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Players Respect the Coach When They Feel He Will Bring Out Their Best: Mike Hesson

Former New Zealand coach Mike Hesson believes that a coach can only gain the respect of the players once they identify that he can be of some use to them and help them bring out their best.

Hesson, who is currently the Director of Cricket for Indian Premier League (IPL) franchise Royal Challengers Bangalore (RCB), said the process is more complicated than simply speaking about your own experiences as a player.

“Once the player identifies that you are of use to them as a coach, then you’ve got their respect and for some coaches that takes longer time than others,” Hesson said on the Star Sports show Cricket Connected.

“When you become useful to a player, they actually think that this guy is going to be helpful for me to get the best out of me as a player. It’s not about just telling them stories about what you used to do as a player, but it is about them genuinely thinking that you can help them become a player.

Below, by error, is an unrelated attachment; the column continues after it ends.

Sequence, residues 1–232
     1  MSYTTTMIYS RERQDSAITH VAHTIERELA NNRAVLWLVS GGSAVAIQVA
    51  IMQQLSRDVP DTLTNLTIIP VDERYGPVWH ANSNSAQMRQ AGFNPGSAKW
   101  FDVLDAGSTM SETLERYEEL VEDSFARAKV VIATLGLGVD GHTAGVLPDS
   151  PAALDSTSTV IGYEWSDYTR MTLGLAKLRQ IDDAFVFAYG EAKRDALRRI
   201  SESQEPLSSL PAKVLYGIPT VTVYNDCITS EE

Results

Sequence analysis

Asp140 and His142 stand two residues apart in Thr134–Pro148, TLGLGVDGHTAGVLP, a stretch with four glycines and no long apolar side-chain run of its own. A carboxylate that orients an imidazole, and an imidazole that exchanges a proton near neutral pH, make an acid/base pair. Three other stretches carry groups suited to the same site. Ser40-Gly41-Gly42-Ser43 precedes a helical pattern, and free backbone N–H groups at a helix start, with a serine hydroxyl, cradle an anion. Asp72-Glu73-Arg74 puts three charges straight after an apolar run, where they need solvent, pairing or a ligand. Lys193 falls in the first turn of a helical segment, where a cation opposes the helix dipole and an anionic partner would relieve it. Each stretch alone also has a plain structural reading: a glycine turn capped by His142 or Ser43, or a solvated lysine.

“That is pretty much what the role of a coach is. The coaches that are less experienced and come straight from a playing background, they will exhaust all their personal experiences in the first week of coaching.”

Former India batting coach Sanjay Bangar, who was also a panellist on the show, spoke about the importance of a coach delinking from their past as a player.

“Maybe players who have played at a very elite level may not understand what players of average ability are going through. One thing that we are taught during our coaching education is that you delink from your past. Basically you can’t coach the way you’ve played the game.”

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